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18F‑fluorodeoxyglucose imaging of primary malignant pericardial mesothelioma with concurrent pericardial and pleural effusions and bone metastasis: A case report

  • Authors:
    • Xiaohui Li
    • Rugang Lu
    • Youcai Zhao
    • Feng Wang
    • Guoqiang Shao
  • View Affiliations

  • Published online on: April 12, 2018     https://doi.org/10.3892/mco.2018.1604
  • Pages: 725-728
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Abstract

Primary malignant pericardial mesothelioma (PMPM) is an aggressive tumor that originates from the mesothelial cells of the pericardium. PMPM with extensive atrial infiltration and bone metastasis is extremely rare. The diagnosis and staging of PMPM based on anatomical imaging may be difficult when concurrent pericardial and pleural effusions are present. A 28‑year‑old man presented with progressive chest pain. Concurrent pericardial and pleural effusions were identified on computed tomography. On echocardiography, mild thickening and adhesions of the pericardium with the right ventricle and atrium were observed. 18F‑fluorodeoxyglucose (FDG) metabolism imaging revealed increased accumulation in the pericardium and adjacent right atrium. Ring‑shaped radioactivity aggregation and bone destruction in the sacrum were demonstrated on 18F‑FDG and 99mTc‑methyl diphosphonate imaging. The diagnosis of PMPM was subsequently confirmed by pathology. The patient survived for >1.5 years with comprehensive treatment.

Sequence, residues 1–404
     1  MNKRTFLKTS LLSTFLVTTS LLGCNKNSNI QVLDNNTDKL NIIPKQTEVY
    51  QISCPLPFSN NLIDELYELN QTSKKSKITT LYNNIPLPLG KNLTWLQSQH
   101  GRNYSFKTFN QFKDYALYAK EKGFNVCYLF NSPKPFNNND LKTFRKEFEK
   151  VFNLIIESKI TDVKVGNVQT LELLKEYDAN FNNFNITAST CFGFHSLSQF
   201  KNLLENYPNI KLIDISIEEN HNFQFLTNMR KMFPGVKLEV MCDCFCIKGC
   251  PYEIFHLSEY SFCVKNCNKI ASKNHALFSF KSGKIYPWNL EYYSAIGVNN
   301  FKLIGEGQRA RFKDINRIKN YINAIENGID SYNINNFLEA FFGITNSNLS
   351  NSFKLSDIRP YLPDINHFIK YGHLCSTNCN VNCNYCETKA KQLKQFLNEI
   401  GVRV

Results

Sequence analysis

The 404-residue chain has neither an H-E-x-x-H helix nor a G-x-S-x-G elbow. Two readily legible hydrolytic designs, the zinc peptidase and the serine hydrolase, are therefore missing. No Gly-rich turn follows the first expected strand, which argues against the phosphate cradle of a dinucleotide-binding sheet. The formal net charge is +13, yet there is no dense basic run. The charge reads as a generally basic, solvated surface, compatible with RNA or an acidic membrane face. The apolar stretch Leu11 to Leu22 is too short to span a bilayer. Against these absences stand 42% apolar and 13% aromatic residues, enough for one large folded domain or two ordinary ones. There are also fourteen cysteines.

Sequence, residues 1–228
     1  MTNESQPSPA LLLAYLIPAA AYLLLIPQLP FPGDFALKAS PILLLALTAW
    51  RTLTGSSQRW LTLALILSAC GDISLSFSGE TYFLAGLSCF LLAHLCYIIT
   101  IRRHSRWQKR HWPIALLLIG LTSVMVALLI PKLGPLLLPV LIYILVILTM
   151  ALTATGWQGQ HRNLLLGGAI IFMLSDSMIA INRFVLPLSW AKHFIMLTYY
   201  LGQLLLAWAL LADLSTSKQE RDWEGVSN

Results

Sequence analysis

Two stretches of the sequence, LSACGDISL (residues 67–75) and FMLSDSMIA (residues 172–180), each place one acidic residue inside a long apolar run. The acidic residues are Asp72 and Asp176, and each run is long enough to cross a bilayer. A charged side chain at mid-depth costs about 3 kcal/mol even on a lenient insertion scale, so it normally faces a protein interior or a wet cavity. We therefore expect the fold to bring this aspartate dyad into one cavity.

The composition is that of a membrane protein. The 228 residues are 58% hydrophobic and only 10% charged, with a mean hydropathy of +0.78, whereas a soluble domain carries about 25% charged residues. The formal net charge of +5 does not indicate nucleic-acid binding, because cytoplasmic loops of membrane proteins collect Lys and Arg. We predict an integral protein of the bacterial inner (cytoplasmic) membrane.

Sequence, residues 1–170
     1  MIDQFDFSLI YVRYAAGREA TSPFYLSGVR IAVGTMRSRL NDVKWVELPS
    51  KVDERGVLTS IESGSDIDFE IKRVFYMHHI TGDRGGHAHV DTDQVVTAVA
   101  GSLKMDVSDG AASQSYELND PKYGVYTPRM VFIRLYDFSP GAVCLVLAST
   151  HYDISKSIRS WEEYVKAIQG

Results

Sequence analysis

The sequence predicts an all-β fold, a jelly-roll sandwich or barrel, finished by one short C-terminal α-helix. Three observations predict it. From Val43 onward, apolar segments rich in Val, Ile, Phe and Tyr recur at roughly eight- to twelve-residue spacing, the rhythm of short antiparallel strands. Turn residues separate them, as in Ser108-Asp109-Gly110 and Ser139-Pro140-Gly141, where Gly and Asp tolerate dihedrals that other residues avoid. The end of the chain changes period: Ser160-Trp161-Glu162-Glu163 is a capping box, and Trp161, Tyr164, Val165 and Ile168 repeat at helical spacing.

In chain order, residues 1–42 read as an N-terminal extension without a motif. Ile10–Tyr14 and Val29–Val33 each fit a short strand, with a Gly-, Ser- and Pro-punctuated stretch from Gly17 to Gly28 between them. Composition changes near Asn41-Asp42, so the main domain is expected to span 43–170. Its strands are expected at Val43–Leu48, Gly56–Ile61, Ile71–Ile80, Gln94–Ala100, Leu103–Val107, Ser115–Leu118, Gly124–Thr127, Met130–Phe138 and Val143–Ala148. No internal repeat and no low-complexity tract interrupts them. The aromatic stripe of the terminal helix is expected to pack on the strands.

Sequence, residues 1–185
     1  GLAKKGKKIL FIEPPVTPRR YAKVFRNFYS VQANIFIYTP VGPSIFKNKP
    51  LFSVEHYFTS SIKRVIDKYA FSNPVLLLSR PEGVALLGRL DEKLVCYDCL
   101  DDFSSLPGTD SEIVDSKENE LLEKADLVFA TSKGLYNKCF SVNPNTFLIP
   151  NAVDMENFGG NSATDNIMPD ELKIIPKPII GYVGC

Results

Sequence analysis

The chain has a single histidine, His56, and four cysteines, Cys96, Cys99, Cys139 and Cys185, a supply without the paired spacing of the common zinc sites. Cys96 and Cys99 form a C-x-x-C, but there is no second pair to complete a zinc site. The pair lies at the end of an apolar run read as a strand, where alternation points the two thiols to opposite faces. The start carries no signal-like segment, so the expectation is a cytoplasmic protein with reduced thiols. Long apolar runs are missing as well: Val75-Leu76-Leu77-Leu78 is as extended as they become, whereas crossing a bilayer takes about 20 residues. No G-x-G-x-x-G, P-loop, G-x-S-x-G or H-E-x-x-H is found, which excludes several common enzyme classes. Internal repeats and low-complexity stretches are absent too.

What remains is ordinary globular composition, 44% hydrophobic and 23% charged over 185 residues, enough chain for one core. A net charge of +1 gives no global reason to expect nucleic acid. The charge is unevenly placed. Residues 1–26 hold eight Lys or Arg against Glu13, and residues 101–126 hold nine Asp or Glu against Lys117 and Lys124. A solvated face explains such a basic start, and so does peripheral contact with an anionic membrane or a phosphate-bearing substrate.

Introduction

Primary malignant pericardial mesothelioma (PMPM) is extremely rare, with an estimated incidence of <0.0017%, as reported in a large autopsy study of ~50,000 cases (1). PMPM is an aggressive tumor that originates from the mesothelial cells of the pericardium and is generally diagnosed following surgical excision. Tumor diagnosis and staging (including myocardial infiltration) with anatomical imaging methods, such as computed tomography (CT), echocardiography and magnetic resonance imaging (MRI), may be particularly challenging in PMPM due to its diffuse pattern of growth. Early diagnosis, staging (including assessment of myocardial infiltration) and response evaluation are crucial for determining treatment. We herein report our experience with 18F-fluorodeoyglucose (FDG) metabolism imaging in a PMPM patient for early diagnosis, staging and response evaluation.

Case report